I am trying to imagine a pagan dharma. Not everyone’s pagan dharma, just, perhaps, a piece of it. It’s been a little bit hard to get my footing, because after all my years in the pagan community, I’ve landed first in a Chan order and then as a resident in the CZG zendo, and I really like my life, and my life it very full. (Beyond what is mentioned, throw in doctoral work on a degree in Neurobiology, and studying and teaching martial arts, and really, that’s pretty much it. The kind of life people talk about with regards to having a life, I pretty much do not have.)
Some of what has been said here resonates strongly with me. The emphasis on practice and cultivation of being. The fostering of community and celebration. The importance placed on connection with the natural world. I’m not personally that big on gods, though I can get into mythology when I feel like it says something important about the human experience. (And I do enjoy other people’s practices as a tourist. Sitting in on someone else’s rite? Great fun!)
My feelings about ritual are complicated. For me, personally, less is generally more. Not necessarily fewer rituals, but simpler, pared down ones, where the emphasis is more content than form. It is a rare thing, for me, that a ritual can come even close to rivalling the wonder of the natural world – so mostly, I’d rather avoid the attempt. Let the ritual not be the center of focus, but the frame for what is important. Pomp and ceremony are for me most effective for being rare, where the well-worn quiet forms can be useful in their soothing repetition. Ah, yes, I am back in the zendo and it is time to sit. Ah, yes, I will stop in my daily activities and make a point of turning my attention to the world around me.
Celebration is another thing for me, and celebration inside of a minimal ritual framework – i.e. “Hey, let’s call attention to some natural event! Great! Now a party!” tends to be something of a favorite. Sure, this isn’t heavy duty spiritual work, but then I think heavy duty spiritual work in an ornately ritualized context pretty much got burnt out of me during my Hermetic days. These days mostly it seems like a lot of fuss and bother that is for the most part a distraction at best. But my community is much broader than the people who also want to dedicate much of their lives to practice, and not all of the practices are much like mine. Celebration brings many more of us together.
I don’t pretend this is anything more than personal preference. But I like the idea of building many dharma gates, so that, eventually, all sentient beings can pass through them.
One of the things that drew me to the pagan community was the focus on the natural world. Of course, it sometimes seems interactions with actual nature are honored more often in the breech in the pagan community, but there’s plenty of variation there as elsewhere. Once upon a time, I ran a hiking club explicitly to try to make it easier for folks to get out into the woods and mountains. I imagine a line of people walking along a forrest path, at night, in silence, to an overlook with a good view of the moon. Honoring the sun’s set and rise on longest night and longest day. Cutting each week the branches, blossoms or fruit of the season for the altar. (Okay, I don’t have to imagine this, they keep letting me arrange the altar decorations at the zendo.)
Can we sit outside? Or by the river? Or turn off for an evening all the electric lights and heat, to feel the cold and darkness of the season. (Or, um, maybe we can just wait for another hurricane to manage this for us. But I must say, it’s a great lesson in impermanence, and the tendency of the ‘outside’ world not to be content staying in that outside position we have crafted for it in our minds.) Who doesn’t celebrate spring, whether formally or no? Does not the sunlight on the floor or the sound of the wind outside awaken you to the world? I used to keep feast days with the full moon and fast days with the new moon. I try to eat food as it is in season, though I’m not slavish about this – January in Ohio is hard enough, thanks. But I like to reinforce these natural cycles in my body and my life, to remind myself to feel them and taste them.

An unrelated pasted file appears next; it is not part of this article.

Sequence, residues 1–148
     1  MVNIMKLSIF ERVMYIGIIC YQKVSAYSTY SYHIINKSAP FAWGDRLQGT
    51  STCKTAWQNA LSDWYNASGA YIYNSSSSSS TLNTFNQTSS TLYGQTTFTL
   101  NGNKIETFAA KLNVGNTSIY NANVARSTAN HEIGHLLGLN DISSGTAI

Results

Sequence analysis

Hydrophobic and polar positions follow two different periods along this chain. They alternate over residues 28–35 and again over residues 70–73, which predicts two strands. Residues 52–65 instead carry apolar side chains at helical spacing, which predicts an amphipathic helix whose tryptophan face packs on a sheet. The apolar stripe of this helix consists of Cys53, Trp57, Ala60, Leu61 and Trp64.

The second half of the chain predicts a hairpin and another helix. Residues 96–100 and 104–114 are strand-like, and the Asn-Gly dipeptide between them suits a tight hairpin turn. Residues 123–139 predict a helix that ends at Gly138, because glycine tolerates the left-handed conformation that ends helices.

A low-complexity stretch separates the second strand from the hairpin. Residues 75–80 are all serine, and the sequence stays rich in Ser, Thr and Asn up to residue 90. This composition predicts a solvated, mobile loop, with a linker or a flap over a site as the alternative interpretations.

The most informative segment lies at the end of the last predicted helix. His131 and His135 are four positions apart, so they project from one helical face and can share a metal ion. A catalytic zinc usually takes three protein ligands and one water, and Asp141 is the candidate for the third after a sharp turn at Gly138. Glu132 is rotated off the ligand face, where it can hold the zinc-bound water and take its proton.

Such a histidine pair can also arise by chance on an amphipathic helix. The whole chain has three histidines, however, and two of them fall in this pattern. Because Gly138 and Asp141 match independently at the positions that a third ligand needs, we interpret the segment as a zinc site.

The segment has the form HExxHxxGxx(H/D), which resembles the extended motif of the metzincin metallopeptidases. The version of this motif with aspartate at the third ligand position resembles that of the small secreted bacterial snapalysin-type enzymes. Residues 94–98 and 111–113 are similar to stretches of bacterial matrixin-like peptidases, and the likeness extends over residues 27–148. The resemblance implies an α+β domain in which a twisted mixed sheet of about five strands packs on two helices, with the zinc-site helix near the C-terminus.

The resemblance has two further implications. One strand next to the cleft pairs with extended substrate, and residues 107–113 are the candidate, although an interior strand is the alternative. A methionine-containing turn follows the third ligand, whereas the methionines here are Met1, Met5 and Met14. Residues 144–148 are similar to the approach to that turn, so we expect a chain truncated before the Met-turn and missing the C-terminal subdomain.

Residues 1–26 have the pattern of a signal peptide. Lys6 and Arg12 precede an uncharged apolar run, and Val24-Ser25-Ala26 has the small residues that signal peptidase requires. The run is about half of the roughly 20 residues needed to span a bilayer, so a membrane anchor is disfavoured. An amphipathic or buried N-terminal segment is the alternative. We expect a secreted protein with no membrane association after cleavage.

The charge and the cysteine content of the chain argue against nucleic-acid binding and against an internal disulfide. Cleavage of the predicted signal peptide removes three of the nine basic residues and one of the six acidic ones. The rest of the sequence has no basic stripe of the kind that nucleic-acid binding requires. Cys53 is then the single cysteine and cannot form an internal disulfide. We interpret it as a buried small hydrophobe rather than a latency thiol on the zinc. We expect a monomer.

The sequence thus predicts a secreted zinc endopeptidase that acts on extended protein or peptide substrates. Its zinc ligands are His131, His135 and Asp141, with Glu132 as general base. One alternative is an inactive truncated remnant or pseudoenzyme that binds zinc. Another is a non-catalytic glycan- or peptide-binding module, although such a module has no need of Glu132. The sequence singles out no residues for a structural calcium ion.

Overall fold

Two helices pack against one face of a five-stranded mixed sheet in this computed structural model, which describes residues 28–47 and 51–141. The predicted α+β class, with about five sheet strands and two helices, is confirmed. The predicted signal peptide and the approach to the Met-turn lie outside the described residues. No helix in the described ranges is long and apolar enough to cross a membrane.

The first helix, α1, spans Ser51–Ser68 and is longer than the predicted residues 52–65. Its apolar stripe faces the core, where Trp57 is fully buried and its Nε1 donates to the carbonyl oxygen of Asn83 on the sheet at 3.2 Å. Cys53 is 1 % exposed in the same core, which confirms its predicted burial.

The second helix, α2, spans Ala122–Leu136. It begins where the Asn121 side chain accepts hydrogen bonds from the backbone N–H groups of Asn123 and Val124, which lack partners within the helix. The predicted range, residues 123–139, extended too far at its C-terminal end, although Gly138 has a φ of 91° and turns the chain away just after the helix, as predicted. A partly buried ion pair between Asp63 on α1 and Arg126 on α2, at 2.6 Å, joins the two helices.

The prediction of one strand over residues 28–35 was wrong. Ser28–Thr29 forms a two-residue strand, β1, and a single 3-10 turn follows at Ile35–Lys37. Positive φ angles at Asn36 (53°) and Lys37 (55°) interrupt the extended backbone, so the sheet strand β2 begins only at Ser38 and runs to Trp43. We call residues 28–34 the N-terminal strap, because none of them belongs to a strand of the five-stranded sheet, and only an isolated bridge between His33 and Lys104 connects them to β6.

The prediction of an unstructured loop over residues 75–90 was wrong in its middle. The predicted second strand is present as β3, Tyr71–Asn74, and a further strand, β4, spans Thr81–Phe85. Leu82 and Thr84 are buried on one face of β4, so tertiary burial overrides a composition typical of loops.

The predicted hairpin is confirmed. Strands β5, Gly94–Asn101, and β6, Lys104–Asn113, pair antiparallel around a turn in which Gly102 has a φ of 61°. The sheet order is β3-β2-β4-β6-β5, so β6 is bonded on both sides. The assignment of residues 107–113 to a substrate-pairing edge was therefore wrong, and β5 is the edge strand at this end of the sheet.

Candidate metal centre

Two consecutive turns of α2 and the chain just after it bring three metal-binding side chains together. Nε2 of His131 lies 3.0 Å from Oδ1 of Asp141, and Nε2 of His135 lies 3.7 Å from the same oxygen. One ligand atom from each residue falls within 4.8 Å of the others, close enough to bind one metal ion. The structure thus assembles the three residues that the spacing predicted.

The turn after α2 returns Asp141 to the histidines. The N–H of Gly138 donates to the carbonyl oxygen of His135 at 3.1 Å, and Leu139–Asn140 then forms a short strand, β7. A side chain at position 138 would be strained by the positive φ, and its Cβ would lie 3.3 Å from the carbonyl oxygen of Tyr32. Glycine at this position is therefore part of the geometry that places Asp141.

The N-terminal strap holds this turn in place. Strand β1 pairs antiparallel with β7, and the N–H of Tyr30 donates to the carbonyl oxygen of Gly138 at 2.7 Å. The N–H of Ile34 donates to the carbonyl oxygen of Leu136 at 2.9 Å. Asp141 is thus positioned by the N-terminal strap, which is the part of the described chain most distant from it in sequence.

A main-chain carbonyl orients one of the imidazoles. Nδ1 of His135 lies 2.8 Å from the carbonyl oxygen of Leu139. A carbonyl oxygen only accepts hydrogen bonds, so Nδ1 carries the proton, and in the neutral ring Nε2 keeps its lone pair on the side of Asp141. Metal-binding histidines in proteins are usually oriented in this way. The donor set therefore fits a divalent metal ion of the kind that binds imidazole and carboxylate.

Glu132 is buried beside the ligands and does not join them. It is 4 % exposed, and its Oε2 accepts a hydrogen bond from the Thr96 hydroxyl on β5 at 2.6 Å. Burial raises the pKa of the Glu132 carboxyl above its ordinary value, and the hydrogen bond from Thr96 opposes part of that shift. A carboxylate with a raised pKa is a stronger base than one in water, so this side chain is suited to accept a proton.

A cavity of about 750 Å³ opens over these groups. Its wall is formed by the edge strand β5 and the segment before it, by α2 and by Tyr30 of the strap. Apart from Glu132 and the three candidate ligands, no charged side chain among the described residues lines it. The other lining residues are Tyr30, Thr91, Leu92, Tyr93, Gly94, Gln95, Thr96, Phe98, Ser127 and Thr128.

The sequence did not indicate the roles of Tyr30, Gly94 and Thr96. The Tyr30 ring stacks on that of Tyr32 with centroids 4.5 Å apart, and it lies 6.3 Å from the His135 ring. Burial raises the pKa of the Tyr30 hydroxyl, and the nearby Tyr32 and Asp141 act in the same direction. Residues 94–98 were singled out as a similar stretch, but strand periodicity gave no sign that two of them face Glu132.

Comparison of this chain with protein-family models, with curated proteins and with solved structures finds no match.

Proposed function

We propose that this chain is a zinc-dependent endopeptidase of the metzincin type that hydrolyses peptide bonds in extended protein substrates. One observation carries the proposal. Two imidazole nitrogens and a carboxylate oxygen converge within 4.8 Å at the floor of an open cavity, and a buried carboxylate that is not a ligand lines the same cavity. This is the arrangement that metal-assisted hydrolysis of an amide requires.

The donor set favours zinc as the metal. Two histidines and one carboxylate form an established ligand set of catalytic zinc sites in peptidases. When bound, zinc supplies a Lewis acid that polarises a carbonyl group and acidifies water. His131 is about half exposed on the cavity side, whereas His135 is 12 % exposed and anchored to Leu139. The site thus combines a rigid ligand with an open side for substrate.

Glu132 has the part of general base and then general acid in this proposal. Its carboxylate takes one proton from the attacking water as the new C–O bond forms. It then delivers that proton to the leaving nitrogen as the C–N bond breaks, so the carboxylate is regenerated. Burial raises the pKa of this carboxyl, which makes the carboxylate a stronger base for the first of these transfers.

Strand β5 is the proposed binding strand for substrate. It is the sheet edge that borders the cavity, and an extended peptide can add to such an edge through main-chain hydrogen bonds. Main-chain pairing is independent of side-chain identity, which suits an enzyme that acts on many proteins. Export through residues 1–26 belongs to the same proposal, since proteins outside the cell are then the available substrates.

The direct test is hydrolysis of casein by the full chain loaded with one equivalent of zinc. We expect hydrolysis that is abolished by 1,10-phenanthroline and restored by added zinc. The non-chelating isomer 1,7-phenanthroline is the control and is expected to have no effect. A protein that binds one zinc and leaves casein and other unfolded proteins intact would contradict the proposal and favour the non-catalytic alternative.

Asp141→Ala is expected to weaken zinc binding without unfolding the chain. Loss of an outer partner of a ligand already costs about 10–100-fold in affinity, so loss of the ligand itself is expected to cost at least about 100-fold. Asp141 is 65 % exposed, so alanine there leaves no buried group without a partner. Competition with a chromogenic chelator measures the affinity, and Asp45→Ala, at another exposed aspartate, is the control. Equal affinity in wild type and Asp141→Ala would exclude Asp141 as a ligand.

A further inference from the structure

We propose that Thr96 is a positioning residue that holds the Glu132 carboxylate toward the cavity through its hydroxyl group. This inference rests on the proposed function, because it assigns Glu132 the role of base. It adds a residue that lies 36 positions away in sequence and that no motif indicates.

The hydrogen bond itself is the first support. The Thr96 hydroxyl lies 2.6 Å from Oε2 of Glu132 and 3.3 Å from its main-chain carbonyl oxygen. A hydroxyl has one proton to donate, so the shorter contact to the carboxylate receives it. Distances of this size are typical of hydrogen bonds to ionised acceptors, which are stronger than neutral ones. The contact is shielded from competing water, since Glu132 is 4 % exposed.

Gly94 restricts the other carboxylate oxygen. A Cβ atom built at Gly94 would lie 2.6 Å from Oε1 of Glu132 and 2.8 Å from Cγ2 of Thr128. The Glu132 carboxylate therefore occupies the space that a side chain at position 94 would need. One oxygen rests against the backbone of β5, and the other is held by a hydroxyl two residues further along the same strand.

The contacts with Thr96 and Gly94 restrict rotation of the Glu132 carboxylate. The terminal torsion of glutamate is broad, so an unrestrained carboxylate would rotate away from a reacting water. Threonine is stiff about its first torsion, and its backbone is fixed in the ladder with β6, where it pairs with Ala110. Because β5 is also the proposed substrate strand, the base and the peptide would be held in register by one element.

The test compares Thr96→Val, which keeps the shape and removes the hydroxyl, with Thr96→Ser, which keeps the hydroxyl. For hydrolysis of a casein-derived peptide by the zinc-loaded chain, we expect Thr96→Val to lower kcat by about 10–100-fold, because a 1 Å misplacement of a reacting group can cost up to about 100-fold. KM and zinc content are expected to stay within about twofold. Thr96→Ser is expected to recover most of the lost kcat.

On the flip side, the practice of the dharma seems to me to have a huge potential to fill in, fill out and give roots to pagan practice. I am not, to be clear, characterizing pagan practice generically as hollow – there are many practices, and many people, and some who have carved out for themselves practice that I am quite in awe of. And yet, I am also aware that some of the problems I ran into are not exclusive to me. I have been in more than one working group that in effect ran up against the question of why, exactly, are we doing this?
Celebration tends to be self explanatory. As does, perhaps, devotion, to those who are drawn to it. Magical practice, though, without personal cultivation, tends to be shallow and egotistic. For me, while the forms of meditation presented in the hermetic group I spent time with in my teens suited me at that time, they seemed more arbitrarily complex as I grew older. I was thirsty for personal experience of awakening, but had tasted enough that the rituals I had put so focus into seemed hollow, more about form than substance. And while I found trail markers here and there, for the most part the pagan community did not offer me much practical support in this sort of practice. For myself, I found, over time, that I tended to do better following my own nose, for all that I missed having a community of practice.
Not everyone needs to spend time every day sitting on a pillow and staring at the wall. But this, as with other dharmic practice, is a practice that eventually calls to many who were drawn to the pagan community, and drawn to spiritual practice. These are practices that can nourish us and help us find in the world, a home.
Categorised as: Pagan Dharma